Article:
But the cry is not only light through darkness, not only a witness to hope, but a trumpet-call to the Church and to all Christian people to take up the burden of a common human responsibility. For that cry is a cry for help which only God indeed can give, but which again and again He gives through men. There are more ways than one in which that cry can be met, but first it must be heard and recognized for what it is. Not always are our ears open to that deep cry which rises from our brother's soul. This power of hearing those cries of need was one of the most blessed characteristics of our Lord's Humanity displayed before us in the gospel story. Think how again and again He says the word which shows that He knew the need of each longing soul. To the paralytic he says first---not Rise, take up thy bed, but---Thy sins are forgiven thee. Or that woman of the city who was a sinner He speaks the assuring word which brings to her soul the certainty of her cleansing from the stains of her past life. To Zacchaeus, seeking freedom from love of money, anxious to make amends for any wrongful exaction, He gives the great pledge of restored health of soul---'This day is salvation come to this house'---and seals that pledge by His own presence under the tax-gatherer's roof, and the willing enjoyment of his hospitality. And then the multitudes besides---those publicans and sinners unknown and unnumbered, those lost sheep upon the mountains---what was it that drew them to Him? Was it not this, at least, that He understood because He saw and heard all the burden of their souls? Because He could help, they found in Him what they found nowhere else, the sympathy and the power which alone could minister to their needs.

And now he calls His Church to see and to help, for always there are souls that cannot express their needs till others find them out and enable them to speak. The help which He calls upon us to give makes its way not only through prescribed and long-proved channels. We would not for a moment under-value such historic ways, ratified as they are in the repeated and abiding experience of Christian life. Through the preaching of the gospel comes the knowledge of the forgiveness of sins. In the gracious messages of the New Testament He is made known to us who is ever beforehand with us in the mercy which runs to meet us, and embraces us, while we are yet a long way off. All these are ways well tried, trodden by the heavenward footsteps of countless pilgrims, as true and firm today as ever. But the stricken conscience may need the insight and sympathy of the understanding heart before it can begin to respond to the gospel. How little we often think of word or tone or look! They may seem to go out into the void, to go from us---as the old Greeks would say---unwinged; and yet it is just because they do go unwinged that they fail in what they have the power to do, for by tone or look or word we can reach the hearts of others far more often than we know. This does not mean that we should always be consciously thinking of it; that would be to run the risk of lapsing into an unnatural and quite unchristian pedantry and self righteousness; but we, as Christian men and women, must walk through life with our ears open to hear the cry which at any moment may smite upon them and enter them, if open they be---the cry that may be expressed in many a different way, the cry which always means one thing, 'O wretched man that I am who shall deliver me from the body of this death?' Our ears must be open to hear, our mind prepared to understand, our heart enlarged to feel, our w! ill prompt to help. The great fight for good is not an individual fight; it is a soldier's battle, where each may help his neighbor. There Jesus may be our example; there we may follow the steps of His most holy life.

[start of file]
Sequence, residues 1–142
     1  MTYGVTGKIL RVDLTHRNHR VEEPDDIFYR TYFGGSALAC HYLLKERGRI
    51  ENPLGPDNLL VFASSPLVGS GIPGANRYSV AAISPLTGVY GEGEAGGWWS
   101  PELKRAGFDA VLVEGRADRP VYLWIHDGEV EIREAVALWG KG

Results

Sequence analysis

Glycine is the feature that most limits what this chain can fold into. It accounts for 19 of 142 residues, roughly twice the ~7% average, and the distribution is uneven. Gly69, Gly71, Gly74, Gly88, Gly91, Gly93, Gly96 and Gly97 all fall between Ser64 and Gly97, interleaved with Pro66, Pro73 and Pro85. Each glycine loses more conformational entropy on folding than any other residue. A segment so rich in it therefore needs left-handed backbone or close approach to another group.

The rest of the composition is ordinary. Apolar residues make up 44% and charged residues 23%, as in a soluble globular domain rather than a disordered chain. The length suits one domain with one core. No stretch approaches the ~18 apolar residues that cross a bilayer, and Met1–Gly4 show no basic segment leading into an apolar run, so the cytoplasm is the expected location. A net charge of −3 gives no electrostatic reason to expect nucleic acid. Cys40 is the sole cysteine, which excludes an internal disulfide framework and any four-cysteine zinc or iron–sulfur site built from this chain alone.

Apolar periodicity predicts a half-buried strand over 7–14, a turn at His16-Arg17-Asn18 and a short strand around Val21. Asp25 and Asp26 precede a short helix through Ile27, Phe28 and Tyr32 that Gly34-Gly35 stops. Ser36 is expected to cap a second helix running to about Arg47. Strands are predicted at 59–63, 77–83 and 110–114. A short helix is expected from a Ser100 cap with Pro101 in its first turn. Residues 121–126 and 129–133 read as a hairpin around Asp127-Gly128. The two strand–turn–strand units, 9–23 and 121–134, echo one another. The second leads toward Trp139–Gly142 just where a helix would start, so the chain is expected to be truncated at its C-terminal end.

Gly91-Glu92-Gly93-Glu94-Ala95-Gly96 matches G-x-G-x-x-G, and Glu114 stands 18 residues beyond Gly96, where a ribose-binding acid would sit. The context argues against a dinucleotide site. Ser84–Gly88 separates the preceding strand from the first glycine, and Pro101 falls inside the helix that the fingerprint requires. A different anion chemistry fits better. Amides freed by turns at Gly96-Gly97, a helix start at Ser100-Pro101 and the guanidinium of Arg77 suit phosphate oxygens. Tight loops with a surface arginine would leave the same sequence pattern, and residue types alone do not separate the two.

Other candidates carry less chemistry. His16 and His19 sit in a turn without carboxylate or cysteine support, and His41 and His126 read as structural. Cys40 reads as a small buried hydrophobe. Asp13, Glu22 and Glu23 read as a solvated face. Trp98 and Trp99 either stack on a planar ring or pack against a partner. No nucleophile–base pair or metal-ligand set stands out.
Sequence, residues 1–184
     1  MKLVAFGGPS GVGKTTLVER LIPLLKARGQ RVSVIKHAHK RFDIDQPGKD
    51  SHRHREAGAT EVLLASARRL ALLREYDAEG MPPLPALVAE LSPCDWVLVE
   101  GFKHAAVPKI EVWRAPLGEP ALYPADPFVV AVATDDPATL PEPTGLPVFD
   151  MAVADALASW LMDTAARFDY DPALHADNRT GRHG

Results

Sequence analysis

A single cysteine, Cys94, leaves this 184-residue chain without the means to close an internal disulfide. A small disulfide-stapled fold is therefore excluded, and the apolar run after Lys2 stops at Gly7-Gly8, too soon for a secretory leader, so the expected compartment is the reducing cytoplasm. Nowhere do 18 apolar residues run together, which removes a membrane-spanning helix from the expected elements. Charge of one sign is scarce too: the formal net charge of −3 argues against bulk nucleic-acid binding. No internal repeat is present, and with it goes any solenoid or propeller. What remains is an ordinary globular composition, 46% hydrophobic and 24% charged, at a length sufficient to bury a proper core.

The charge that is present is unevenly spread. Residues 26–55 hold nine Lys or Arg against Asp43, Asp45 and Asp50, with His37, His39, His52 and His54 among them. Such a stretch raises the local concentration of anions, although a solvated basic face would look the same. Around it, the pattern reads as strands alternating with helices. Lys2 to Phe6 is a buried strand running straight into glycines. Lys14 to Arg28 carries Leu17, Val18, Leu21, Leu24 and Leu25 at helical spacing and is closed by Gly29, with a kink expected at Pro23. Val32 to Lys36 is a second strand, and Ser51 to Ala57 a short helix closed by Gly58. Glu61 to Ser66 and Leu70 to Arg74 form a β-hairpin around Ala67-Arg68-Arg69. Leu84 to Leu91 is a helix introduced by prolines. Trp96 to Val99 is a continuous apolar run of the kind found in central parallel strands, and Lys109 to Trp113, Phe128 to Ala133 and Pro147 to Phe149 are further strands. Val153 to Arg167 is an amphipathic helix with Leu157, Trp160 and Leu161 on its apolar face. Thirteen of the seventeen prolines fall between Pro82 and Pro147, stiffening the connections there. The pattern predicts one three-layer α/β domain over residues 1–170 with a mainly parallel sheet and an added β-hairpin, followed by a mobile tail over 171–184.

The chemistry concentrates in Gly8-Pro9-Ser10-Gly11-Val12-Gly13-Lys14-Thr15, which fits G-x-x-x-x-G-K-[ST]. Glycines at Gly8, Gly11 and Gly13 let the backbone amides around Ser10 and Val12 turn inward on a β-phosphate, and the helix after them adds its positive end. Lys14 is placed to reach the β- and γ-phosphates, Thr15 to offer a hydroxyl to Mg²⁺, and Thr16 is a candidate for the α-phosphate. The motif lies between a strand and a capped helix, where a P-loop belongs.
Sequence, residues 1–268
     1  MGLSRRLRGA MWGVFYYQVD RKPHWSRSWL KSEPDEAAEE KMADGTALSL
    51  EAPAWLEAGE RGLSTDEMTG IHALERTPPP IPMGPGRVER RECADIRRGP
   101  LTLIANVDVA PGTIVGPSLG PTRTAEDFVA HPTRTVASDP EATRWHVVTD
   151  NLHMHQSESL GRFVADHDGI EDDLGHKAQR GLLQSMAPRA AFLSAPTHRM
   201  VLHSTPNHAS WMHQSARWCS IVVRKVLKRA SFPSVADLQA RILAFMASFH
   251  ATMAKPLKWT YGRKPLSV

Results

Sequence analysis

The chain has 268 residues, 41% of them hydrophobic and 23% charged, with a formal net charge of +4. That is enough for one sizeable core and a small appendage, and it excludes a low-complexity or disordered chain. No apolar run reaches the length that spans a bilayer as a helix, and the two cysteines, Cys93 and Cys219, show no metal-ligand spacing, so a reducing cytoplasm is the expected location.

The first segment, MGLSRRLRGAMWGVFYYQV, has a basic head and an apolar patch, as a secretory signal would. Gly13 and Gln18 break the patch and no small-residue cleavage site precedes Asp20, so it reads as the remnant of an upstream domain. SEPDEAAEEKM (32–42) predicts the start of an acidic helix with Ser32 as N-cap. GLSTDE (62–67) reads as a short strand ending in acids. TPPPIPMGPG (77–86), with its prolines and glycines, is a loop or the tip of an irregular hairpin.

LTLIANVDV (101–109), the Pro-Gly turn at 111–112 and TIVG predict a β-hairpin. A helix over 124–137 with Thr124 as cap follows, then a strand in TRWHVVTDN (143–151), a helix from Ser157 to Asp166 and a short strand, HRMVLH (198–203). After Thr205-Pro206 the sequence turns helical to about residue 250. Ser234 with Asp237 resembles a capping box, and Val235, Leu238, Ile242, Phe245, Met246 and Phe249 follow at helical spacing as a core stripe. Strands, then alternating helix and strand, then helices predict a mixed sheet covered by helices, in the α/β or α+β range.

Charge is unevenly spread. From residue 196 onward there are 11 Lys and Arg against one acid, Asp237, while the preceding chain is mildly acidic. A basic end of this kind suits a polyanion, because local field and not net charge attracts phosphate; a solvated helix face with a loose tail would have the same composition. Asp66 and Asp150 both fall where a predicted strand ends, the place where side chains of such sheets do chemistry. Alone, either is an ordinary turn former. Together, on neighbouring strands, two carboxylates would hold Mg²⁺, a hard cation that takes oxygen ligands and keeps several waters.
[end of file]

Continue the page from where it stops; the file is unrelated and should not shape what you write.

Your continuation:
In Christ, timothy. maranatha